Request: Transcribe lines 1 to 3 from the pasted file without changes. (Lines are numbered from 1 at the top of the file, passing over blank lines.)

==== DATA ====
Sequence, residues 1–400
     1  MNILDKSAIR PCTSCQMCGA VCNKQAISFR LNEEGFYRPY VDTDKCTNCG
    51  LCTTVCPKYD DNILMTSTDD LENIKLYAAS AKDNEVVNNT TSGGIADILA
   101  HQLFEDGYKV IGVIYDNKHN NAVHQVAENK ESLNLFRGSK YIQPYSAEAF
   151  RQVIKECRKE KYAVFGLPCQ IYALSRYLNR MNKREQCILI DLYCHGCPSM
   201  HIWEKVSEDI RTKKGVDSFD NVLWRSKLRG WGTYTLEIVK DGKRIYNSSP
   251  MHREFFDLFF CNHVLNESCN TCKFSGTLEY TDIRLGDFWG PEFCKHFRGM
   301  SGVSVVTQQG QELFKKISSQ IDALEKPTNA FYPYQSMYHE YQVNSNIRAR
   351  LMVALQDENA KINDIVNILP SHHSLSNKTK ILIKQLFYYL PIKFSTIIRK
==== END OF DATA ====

Sequence, residues 1–400
     1  MNILDKSAIR PCTSCQMCGA VCNKQAISFR LNEEGFYRPY VDTDKCTNCG
    51  LCTTVCPKYD DNILMTSTDD LENIKLYAAS AKDNEVVNNT TSGGIADILA